Thursday, December 12, 2013

No Princess Here [Hero in the Ocean Review]

          You're a knight in shining armor travelling through fantastic lands to rescue the princess from some devious adversary. Right? Sorry folks - this time we're going under the ocean. Our Hero In The Ocean by Lampogolovii is on a mission to rescue some divers in some strange place in the sea in your submarine.There are fifteen levels and each one introduces a new concept as you fly around looking for stars, divers and secret areas in your adventure.

          Hero In The Ocean features simple, yet engaging gameplay. The only keys you'll ever use is WASD and/or Arrow Keys, a great decision to let both be usable. Throughout the levels, you float around and try to find keys to unlock doors, three stars, secret areas which are basically places that appear to be walls but turn out to be normal terrain, and ultimately, the diver you have to rescue. I have no idea why the divers stand still in one spot when they have infinite air to breathe (after all, we have infinite time). As you move, bubbles will trail out and you'll find there is a very slight slide, but the developer has made this perfectly fine due to no damage dealt from walls. The only way you can die is from a laser; which can be annoying when you have to restart from the very beginning of the level. 

Who's brilliant idea was to put lasers in this place?
          The developer has clearly put a lot of effort into making sure levels are workable and the fact that new concepts are always introduced every single level. Levels were intuitive and required some logic to complete, which I liked, but overall the game wasn't very difficult at all. I checked levels to test if you could get stuck from the rocks but it seems like you can't, at least not easily. The set of fifteen levels was a great choice of game length as well - not too short, and not too long.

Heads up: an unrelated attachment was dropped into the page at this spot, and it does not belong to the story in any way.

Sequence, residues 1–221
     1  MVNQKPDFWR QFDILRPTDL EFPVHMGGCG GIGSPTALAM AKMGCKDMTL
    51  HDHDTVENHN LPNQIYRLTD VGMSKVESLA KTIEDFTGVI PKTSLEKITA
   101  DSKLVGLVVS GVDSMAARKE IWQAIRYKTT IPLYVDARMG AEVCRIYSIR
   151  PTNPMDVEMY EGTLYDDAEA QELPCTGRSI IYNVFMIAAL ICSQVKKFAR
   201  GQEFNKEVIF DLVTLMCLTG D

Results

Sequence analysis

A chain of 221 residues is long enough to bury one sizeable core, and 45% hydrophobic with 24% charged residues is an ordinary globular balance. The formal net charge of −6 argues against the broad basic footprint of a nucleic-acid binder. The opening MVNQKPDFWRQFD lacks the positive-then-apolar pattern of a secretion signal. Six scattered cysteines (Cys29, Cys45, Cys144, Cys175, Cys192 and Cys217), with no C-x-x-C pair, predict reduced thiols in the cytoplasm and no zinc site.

Showcasing some of the concepts in the levels of the game. Man...who put this stuff here anyway? Some evil scientist?
          Along with this, the graphics and the music are very nicely done and really set the mood and atmosphere. Fall Slowly by Heather Fenoughty is a dramatic and exciting piece which captures the adventurous, powerful theme of the game. The detail paid to the art in the game is amazing. The way the bubbles trail off leading to a slight slide, the way the background ripples where you move. More game-play wise with the graphics, the background is easily distinguished with physical obstacles and the yellow contrasts the dull blue of the background, meaning you never lose your character within the environment. The way the game is set out gives it a timeless feel, like a deep sea dive to explore something, and in a way, the divers here give that.

          There are some English mistakes, such as "You've found secret area" but they aren't bad and it doesn't make a lot of difference. For me, secret areas was mostly sticking to walls, although I realized that it's more like checking the places that exist for the sake of it. There's a mute button, although the driving feel of the piano and the strings really is amazing. Small touches like how the greenery waves very slightly in the water shows that the developer put his heart and soul into this. Towards the end, I did start to lose interest but the game ended soon after and it was an enjoyable experience.

          It's a 4/5 from me, I like the game and it's a great execution but after a while it can get somewhat repetitive and slow. The music and graphics is breathtaking though.I would definitely recommend this to a friend for a casual play-through.
The end of the review
Thanks for reading

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